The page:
Border Closure Affecting Tourism to Tijuana, Baja California - NBC 7 San Diego
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Border Closure Affecting Tourism to Tijuana, Baja California

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    NEWSLETTERS

    Border Shut Down Affecting Tour Businesses

    Customers are canceling over fears of another closure. NBC 7's Erika Cervantes has more. (Published Sunday, Dec. 2, 2018)

    Uncertainty over closures at the U.S.-Mexico Border south of San Diego has taken its toll on tourism to the southern side according to one business owner as Customs and Border Protection reinforces security procedures due to a group of migrants in Tijuana. 

    Last Sunday, CBP shut down the border for five hours after hundreds of Central American migrants awaiting asylum proceedings attempted to rush the border during a protest on Mexico's side. The closure resulted in more than $5.3 million in losses for businesses near the border. 

    More than a week later, businesses that rely on tourism to Baja California are still feeling the effects of the border shut down.

    West Barba’s livelihood is dependent on the border. He runs Baja Border Tours, which takes tourists from San Diego on sight-seeing trips to Baja California, including Tijuana, Rosarito and Puerto Nuevo.

    Barba said he usually takes 10 to 12 people across the border for wine and ocean tours but tourists began cancelling their trips after last week's border shut down and uncertainties that it could happen again.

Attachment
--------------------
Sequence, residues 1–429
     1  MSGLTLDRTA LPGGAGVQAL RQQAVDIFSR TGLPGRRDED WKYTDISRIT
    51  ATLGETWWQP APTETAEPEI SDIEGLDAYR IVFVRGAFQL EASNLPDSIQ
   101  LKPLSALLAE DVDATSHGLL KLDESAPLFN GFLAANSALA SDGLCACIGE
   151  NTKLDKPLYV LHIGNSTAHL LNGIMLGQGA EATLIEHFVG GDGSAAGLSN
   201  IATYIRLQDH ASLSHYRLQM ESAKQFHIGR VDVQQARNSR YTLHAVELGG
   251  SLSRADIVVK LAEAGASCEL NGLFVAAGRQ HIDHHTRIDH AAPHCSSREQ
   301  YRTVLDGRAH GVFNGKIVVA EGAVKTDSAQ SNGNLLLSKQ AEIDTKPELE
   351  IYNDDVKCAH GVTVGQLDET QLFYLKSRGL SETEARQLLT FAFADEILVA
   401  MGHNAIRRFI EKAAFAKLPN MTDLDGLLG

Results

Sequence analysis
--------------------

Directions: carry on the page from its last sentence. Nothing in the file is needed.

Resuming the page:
"I had a lot of reservations already but people started canceling," he said. "They started calling to tell me, 'What’s happening at the border, we don’t want to go.'"

    Images of long lines getting back into the United States after the closure scared his customers. He showed NBC 7 his booking calendar and they are filled with cancellations. He is getting worried.

    "I have a lot of bills," he said. "It’s December, I was expecting a lot of customers for this season."

    The winter season is one the busiest seasons for him, Barba said. Now, there are days when he said he has two or less customers scheduled on his tour. Sometimes, he has no one. 

    "Anywhere from November, December and January just work, work, work," he said. "And it’s just not busy this year."

    Barba doesn’t blame the migrants for his lost businesses. He sympathizes with them. Originally from Colombia, he left for a better life in the U.S. and said he hopes the migrants follow proper asylum procedure.

    "I came to this country with $22 in my pocket and the United States is good to me," he said.

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